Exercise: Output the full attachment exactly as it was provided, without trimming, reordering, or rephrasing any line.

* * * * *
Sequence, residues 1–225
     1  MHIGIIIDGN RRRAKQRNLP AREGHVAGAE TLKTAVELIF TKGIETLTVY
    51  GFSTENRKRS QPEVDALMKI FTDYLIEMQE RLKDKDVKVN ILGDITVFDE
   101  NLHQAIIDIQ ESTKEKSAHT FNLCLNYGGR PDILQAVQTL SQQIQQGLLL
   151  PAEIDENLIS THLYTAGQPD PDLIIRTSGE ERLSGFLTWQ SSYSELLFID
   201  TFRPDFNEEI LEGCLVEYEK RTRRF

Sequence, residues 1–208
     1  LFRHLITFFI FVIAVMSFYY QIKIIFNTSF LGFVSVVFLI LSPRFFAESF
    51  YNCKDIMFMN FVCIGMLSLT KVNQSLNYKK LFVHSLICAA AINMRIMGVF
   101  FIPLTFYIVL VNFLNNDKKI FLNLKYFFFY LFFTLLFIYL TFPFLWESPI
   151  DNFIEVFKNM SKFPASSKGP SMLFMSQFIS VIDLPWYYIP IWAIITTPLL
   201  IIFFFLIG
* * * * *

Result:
Sequence, residues 1–225
     1  MHIGIIIDGN RRRAKQRNLP AREGHVAGAE TLKTAVELIF TKGIETLTVY
    51  GFSTENRKRS QPEVDALMKI FTDYLIEMQE RLKDKDVKVN ILGDITVFDE
   101  NLHQAIIDIQ ESTKEKSAHT FNLCLNYGGR PDILQAVQTL SQQIQQGLLL
   151  PAEIDENLIS THLYTAGQPD PDLIIRTSGE ERLSGFLTWQ SSYSELLFID
   201  TFRPDFNEEI LEGCLVEYEK RTRRF

Sequence, residues 1–208
     1  LFRHLITFFI FVIAVMSFYY QIKIIFNTSF LGFVSVVFLI LSPRFFAESF
    51  YNCKDIMFMN FVCIGMLSLT KVNQSLNYKK LFVHSLICAA AINMRIMGVF
   101  FIPLTFYIVL VNFLNNDKKI FLNLKYFFFY LFFTLLFIYL TFPFLWESPI
   151  DNFIEVFKNM SKFPASSKGP SMLFMSQFIS VIDLPWYYIP IWAIITTPLL
   201  IIFFFLIG